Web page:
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salvo n. (săl'vō)
1. A mental reservation
2. An expedient for protecting one's reputation
3. A forceful verbal or written assault
4. A group of shots fired simultaneously for effect
A publication of The Fellowship of St. James (www.fsj.org), Salvo is dedicated to debunking the cultural myths that have undercut human dignity, all but destroyed the notions of virtue and morality, and slowly eroded our appetite for transcendence. It also seeks to promote the Christian worldview. The opinions expressed by individual contributors are not necessarily those of the editors or publisher.
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Why We Fight by Salvo editor Jim Kushiner
Critics of Salvo often complain about our quasi-military language. "Why not adopt a more irenic tone?" they say. My reply is that we use these terms, albeit figuratively, to describe our engagement in the realm of ideas against an aggressor. Now, some people don't fancy a fair fight. We do.
Salvo seeks to defend truths that have shaped the civilization that can best, if imperfectly, ensure freedom for man to flourish as he was meant to. Those last two words, "meant to," are crucial. For we believe man has a given nature and purpose. In keeping with the Declaration of Independence, for example, we hold certain truths to be self-evident, because they are "in the nature of things" and not subjective "values." These include certain inalienable rights that come from the Creator, not from the state.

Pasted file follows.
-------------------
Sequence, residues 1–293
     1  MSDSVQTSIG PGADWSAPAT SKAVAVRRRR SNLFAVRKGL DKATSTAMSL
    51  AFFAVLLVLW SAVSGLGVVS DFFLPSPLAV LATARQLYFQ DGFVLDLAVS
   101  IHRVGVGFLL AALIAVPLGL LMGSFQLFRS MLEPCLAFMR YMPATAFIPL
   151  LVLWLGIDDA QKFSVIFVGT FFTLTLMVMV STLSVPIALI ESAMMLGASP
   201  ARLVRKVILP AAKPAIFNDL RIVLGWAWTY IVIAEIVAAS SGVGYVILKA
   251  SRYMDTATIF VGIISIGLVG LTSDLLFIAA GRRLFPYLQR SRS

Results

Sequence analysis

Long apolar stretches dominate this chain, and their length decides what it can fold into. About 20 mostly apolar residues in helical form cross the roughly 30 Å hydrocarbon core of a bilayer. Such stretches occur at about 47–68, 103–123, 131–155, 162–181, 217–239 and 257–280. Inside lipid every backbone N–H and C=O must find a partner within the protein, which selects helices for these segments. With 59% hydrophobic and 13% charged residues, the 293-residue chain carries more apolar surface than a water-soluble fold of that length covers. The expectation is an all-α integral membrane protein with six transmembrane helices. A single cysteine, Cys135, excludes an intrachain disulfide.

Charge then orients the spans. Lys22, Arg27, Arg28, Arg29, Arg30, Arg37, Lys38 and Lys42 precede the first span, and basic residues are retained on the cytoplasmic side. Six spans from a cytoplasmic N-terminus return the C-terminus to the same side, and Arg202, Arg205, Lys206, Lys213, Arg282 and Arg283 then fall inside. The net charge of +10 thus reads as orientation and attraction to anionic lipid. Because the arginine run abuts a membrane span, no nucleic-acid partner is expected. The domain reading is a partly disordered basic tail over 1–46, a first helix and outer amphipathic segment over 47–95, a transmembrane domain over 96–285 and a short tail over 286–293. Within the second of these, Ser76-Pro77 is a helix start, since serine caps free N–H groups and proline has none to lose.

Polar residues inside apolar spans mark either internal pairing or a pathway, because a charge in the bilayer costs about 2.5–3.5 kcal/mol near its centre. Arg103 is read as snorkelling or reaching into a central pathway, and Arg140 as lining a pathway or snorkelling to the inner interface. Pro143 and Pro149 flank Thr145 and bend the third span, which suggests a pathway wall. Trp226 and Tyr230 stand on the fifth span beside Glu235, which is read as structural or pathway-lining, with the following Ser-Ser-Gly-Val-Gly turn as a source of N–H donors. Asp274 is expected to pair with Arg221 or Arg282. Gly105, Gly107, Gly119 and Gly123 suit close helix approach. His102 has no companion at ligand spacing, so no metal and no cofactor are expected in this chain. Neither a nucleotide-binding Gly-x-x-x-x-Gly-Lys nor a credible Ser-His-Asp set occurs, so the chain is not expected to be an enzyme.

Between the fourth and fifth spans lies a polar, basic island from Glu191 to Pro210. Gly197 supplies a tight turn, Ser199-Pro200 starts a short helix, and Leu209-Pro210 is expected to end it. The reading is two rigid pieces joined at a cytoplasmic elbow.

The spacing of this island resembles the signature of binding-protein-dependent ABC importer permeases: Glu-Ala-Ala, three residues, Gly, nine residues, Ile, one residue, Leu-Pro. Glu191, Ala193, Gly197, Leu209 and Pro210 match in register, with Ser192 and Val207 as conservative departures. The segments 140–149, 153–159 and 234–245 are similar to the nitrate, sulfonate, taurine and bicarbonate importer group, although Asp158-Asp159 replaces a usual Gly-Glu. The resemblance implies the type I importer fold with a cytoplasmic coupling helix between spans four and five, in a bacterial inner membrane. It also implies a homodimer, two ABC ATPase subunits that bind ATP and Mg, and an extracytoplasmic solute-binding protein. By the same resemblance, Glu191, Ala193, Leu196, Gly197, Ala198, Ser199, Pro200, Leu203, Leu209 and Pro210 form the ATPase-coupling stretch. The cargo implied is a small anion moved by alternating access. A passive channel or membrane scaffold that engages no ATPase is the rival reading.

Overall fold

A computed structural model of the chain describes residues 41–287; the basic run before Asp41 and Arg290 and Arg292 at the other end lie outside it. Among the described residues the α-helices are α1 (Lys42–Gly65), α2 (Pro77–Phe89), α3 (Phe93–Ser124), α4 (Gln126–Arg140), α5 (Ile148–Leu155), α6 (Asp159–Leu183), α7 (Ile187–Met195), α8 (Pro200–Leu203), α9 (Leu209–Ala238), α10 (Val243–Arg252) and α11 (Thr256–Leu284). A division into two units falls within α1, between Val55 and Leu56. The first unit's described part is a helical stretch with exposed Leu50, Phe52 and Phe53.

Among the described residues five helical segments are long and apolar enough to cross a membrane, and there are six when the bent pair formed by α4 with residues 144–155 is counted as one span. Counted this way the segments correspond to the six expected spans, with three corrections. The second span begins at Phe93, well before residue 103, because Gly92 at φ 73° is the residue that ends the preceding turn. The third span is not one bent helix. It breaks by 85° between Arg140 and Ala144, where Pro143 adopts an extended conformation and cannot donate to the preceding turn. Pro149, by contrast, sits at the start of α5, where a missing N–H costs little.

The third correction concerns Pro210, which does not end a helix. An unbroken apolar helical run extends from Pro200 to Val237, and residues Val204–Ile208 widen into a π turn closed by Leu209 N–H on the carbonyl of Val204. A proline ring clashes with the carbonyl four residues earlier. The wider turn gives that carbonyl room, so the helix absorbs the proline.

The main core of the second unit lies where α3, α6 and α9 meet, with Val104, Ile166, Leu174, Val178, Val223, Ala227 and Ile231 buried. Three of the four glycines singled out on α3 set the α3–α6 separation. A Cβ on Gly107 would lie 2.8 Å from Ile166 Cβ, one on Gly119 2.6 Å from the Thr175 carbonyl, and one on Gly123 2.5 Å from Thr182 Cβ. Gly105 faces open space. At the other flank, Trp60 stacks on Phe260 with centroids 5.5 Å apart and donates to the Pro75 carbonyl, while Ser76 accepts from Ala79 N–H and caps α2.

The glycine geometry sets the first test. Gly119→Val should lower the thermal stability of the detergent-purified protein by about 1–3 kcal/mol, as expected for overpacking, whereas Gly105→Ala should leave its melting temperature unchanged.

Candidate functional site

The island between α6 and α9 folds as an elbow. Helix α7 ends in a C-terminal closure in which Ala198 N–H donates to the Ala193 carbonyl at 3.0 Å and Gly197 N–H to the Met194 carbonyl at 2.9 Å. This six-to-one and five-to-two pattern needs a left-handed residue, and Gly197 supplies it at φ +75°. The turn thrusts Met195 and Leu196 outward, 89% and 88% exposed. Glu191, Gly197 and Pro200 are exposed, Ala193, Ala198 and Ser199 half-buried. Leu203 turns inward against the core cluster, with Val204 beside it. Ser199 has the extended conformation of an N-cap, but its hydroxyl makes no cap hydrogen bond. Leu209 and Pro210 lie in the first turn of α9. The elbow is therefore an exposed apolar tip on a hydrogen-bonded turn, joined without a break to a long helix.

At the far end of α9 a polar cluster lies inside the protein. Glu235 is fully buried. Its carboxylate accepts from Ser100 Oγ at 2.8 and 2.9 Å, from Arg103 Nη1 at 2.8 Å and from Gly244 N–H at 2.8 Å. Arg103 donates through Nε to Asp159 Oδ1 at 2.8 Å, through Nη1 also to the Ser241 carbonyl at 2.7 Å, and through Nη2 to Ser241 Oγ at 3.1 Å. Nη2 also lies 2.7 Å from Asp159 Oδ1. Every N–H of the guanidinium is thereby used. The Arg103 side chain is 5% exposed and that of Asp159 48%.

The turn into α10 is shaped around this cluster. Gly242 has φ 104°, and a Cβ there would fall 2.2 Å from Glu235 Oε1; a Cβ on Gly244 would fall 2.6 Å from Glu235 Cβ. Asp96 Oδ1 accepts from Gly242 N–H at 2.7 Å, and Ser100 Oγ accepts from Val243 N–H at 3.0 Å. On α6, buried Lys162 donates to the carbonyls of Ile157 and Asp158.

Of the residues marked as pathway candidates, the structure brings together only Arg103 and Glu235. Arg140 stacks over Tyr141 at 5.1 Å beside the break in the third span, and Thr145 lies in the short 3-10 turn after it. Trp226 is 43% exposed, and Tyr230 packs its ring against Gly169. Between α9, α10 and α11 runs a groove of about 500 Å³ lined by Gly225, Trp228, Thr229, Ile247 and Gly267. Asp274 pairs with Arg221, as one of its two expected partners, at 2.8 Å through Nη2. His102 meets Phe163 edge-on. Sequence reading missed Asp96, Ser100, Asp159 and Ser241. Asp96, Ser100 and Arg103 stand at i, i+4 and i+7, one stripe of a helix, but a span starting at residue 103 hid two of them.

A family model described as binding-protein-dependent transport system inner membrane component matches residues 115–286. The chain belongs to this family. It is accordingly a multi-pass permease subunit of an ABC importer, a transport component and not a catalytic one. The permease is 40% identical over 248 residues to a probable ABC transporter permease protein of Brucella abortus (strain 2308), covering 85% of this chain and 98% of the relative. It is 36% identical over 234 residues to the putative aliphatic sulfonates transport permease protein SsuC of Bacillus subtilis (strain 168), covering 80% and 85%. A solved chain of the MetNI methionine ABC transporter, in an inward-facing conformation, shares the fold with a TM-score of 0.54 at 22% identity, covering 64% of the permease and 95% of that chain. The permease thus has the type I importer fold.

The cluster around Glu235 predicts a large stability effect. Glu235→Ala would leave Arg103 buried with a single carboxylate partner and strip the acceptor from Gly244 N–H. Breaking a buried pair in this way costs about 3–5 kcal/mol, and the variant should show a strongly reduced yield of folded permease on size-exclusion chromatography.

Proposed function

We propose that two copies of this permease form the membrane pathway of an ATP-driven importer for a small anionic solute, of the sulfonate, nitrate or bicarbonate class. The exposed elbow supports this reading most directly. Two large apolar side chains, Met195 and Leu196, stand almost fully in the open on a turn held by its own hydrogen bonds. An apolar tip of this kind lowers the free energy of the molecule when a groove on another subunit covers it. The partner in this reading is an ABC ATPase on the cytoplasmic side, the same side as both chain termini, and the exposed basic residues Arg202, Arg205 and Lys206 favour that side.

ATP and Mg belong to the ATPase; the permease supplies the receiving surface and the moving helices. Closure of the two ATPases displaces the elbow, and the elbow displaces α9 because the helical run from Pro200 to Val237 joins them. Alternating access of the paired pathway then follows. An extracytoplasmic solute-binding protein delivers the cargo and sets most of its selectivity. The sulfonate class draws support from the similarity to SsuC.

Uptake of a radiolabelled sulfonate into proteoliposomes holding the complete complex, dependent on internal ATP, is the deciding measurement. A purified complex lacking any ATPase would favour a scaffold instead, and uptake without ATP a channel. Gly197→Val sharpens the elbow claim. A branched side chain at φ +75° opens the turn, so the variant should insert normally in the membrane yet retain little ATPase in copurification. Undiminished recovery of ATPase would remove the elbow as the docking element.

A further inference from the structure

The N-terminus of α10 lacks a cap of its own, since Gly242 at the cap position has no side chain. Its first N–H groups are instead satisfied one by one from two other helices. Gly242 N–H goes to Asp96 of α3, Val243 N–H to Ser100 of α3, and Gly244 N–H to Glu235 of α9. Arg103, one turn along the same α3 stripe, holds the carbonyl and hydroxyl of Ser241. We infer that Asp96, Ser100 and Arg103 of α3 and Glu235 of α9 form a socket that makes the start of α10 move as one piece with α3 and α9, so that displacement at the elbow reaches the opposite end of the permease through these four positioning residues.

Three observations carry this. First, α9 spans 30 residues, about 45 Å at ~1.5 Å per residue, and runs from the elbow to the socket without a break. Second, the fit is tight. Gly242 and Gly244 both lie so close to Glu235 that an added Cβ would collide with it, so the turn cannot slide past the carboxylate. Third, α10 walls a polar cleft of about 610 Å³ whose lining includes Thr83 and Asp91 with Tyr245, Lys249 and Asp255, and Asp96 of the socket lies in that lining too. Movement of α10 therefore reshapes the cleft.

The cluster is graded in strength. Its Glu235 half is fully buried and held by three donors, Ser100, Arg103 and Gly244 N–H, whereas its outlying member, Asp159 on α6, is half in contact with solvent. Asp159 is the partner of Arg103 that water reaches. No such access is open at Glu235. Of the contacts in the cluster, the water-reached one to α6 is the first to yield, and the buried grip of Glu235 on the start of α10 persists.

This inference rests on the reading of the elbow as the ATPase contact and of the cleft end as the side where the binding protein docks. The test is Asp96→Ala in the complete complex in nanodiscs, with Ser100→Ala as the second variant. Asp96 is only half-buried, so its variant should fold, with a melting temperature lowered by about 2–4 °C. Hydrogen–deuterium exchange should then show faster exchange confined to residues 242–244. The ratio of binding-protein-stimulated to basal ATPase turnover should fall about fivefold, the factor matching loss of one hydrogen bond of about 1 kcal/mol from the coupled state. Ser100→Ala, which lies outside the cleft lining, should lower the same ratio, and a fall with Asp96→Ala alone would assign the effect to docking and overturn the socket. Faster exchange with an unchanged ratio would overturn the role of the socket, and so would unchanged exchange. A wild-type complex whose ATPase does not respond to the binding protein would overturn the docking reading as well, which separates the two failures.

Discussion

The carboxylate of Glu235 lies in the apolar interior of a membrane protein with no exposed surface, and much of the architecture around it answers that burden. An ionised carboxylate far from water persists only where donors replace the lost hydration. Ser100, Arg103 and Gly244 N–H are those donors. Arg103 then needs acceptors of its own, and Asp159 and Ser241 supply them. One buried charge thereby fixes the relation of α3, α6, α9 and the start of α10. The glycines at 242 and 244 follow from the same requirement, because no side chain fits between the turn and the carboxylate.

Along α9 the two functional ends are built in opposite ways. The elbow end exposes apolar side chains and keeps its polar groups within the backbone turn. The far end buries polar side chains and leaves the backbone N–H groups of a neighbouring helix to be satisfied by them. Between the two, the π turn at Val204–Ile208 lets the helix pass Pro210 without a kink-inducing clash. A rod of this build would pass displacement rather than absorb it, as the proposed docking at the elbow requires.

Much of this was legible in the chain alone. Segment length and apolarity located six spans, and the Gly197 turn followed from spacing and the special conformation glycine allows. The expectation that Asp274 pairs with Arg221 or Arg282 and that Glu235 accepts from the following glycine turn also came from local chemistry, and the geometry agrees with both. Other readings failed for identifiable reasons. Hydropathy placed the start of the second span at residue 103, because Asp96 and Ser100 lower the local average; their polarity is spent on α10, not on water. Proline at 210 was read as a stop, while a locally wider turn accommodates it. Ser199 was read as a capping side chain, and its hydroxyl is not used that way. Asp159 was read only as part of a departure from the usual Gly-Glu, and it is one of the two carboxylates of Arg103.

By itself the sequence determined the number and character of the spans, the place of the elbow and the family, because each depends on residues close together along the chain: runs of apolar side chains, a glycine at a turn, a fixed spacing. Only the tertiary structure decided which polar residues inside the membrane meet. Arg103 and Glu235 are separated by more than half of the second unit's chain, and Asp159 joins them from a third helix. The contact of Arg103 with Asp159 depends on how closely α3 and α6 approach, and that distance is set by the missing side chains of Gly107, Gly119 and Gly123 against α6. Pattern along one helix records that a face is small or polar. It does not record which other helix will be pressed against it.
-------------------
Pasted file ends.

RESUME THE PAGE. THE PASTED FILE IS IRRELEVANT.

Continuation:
Throughout history, the state—whether through monarchs, elected bodies, totalitarian dictators, or collectivizing tyrants—has often looked rapaciously on three targets in its quest to acquire more power: the individual, the family, and the local community. In modern times, the state has participated in a three-pronged attack against these targets with increasingly sophisticated siege-engines.
Published by The Fellowship of St. James (FSJ)
Salvo Senior Editors
As President and CEO of Rebecca Hagelin Communications and Marketing, LLC, Rebecca Hagelin specializes in creating talk radio partnerships and advertising campaigns designed to build membership branding, and inspire activism and grassroots support for conservative non-profit organizations. She has worked for some 25 years to defend the integrity of the family, engaging readers of her books and weekly column on the threats that liberal media, popular culture and growing government intrusion into our lives pose to families and civil society. Hagelin's work includes her tenure as Vice President of Communications and Marketing of The Heritage Foundation; as a policy and media consultant for various non-profits; as a member of the board of directors for Awakening and Dr. James Dobson's Family Talk; and an as an Executive Committee member of the Council for National Policy. She has appeared on thousands of national television and radio programs, is a weekly columnist for The Washington Times and Townhall, and the author of two best selling books: Home Invasion: Protecting Your Family in a Culture That's Gone Stark-Raving Mad (Thomas Nelson) and 30 Ways in 30 Days to Save Your Family (Regnery Publishing).